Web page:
Modern Cars – A Paradigm Shift
Published on : Sunday 01-11-2020
With smart combination of electronics and intelligence, modern cars have caused a paradigm shift in the auto industry, asserts Dr Deb Mukherji.
Cars have been around us for more than 100 years. Cars have since gone through massive changes in concepts, design and performance. The modern automotive industry follows technology leads from aerospace industry. Major changes seen in past 2 decades have been on safety, material sciences and electronics. Cars have become lighter, faster and safer. This is aptly demonstrated in the modern day Formula 1 racing. At the same time cars have become more like electronics gadgets with huge content of electronics parts.
Broadly, the segments of electronics usage in car can be categorised as follows:
i. Safety items
ii. Information and Infotainment
iii. Engine side and emission management, and
iv. Automation, digital connectivity and data management.
In the automotive sector, the adoption of safety-related electronics systems has grown explosively. Semiconductor components that make up these electronic systems will cost USD600 per car by 2022. There is a huge surge in demand for various semiconductor devices in cars, including microcontrollers (MCUs), sensors and memory. The content per car for electronics items has grown exponentially from just 10% in 1980 to 40% in 2020. It is expected to reach 50% of the car cost by 2030 as per Deloitte report – Semiconductors the next wave April 2019.
Changing automobile scenario
The use of electronics has caused major changes in the area of car automation. These could be summarised as below:
1. Microprocessors usage systems – Ignition and fuel injection are electronically controlled, providing lower emissions and greater fuel economy.
2. Engine control units (ECU) include modular transmission control and engine control modules. Up to 50 engine parameters are used, measuring pressure, temperature, flow, engine speed, oxygen level, and NOx levels. ECU outputs connect to up to 30 actuators, for the throttle valve, EGR valve, rack, fuel injector, etc. ECUs and transmission control share data, sensor, and control signals for transmission operation.
3. Car electronics handle engine management, climate, propulsion, antilock braking, passive safety systems, navigation, battery system management, etc.
4. Sensor technology advances and signal processing algorithms provide the groundwork for a variety of new systems.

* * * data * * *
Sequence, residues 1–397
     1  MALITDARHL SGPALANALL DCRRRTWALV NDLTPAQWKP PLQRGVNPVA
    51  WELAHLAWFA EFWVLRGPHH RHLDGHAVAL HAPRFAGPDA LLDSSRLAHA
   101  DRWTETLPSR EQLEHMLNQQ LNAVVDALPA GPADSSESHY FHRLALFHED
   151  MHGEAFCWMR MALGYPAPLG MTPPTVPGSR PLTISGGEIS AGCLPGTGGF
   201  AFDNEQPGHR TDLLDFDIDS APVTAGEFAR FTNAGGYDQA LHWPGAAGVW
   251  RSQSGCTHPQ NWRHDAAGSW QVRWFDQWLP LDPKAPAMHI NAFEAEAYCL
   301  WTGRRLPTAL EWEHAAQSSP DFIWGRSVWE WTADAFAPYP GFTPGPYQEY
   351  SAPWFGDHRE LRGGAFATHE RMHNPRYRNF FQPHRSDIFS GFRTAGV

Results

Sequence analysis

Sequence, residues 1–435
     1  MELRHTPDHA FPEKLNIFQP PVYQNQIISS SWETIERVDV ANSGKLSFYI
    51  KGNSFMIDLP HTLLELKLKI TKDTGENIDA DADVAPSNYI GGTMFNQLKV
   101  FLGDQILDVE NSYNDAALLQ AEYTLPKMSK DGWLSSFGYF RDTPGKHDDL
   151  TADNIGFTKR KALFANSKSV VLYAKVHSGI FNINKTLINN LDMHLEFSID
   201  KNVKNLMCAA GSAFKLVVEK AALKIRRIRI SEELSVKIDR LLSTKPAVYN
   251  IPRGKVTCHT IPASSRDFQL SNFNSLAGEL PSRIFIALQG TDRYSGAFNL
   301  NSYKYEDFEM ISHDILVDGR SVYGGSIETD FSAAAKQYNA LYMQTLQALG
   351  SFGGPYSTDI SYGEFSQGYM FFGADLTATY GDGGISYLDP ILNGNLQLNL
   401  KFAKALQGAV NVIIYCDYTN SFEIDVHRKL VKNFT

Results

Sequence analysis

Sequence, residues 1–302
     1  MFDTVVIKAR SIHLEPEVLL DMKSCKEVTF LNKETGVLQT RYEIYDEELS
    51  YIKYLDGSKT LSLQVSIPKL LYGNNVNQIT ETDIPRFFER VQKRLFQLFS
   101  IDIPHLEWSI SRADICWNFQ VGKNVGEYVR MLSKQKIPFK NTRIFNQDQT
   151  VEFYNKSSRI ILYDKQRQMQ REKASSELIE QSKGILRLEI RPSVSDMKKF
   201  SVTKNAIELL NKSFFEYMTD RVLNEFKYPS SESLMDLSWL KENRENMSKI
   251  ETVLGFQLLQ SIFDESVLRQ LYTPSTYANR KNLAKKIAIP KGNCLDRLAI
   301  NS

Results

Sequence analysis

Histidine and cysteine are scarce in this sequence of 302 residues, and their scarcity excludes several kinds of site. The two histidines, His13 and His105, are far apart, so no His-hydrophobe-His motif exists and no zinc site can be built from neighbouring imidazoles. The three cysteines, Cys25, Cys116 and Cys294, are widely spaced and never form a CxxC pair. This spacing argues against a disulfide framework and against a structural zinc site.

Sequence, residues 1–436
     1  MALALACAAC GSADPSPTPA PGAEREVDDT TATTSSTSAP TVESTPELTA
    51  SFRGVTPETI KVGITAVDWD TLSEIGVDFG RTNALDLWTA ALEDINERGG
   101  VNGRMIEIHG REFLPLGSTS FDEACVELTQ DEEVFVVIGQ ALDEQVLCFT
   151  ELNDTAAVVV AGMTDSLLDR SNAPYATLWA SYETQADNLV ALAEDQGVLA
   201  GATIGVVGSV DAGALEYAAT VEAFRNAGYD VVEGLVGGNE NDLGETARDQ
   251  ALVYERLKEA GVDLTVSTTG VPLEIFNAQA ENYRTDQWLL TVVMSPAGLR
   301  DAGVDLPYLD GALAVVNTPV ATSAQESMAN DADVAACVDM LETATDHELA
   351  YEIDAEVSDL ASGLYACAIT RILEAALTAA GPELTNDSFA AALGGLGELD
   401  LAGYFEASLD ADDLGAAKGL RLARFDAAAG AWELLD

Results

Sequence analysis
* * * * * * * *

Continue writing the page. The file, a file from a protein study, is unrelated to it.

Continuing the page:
5. Autonomous cars incorporate advanced sensors, networking, and navigation systems.
6. Several chassis subsystems are actively controlled, including anti-lock brakes, traction control systems, electronic brake distribution, and electronic stability.
7. Passive safety is electronically controlled and includes air bags, hill descent control, and emergency brake assist systems.
8. Driver assistance, passenger comfort, and infotainment systems are the latest to be designed and implemented.
9. Data capture, analysis and communication systems through large capacity computers on board.
Many of these innovations took place as a result of tightening emission and safety norms by the government. OEMs were forced to incorporate these into the vehicles. Also the learnings from space crafts were huge from space explorations vehicles in the 80s and 90s. These space crafts used lots of new age materials, navigation, auto controls and safety features. Gradually we see many of these technologies and knowledge being used in automobiles. To achieve the above cars use a large number of sensors. A modern car uses over 500 sensors in its various systems.
The new age of cars would be connected cars. The car would be processing enormous amount of data for the users, generating business avenues. In fact, some experts estimate that data would be more profitable than making the car itself. Car becomes a part of life, capturing user information like choice of music, financial information through payments made on the car internet, insurance data, purchases made, and so forth. It would be connected to the office and household equipment through Internet of Things (IoT). The car is also going to become part of the energy eco system,
with its connection to the energy grid. During idle time car batteries would hook up to the grid and sell electricity to users. Shared mobility is another big thing coming. We do see enormous opportunities as more people would like to work on asset light model. Leasing, subscription based usage models will develop around the car.
Modern vehicles generate around 25 gigabytes of data every hour! Autonomous cars will generate even more – up to 3,600 gigabytes of data per hour, according to expert forecasts. Vehicle data is not just generated on the road. These modern cars use blockchain technology on distributed networks for enhanced data security.
The on board computer has to process huge amounts of data in real time and make it available on cloud to the users. Adequate data security measures are built into the system. With 5G roll out soon, we will see tremendous strides in data processing technologies. These data would be used and monetised by car companies to generate revenue for them.
The new value pyramid for suppliers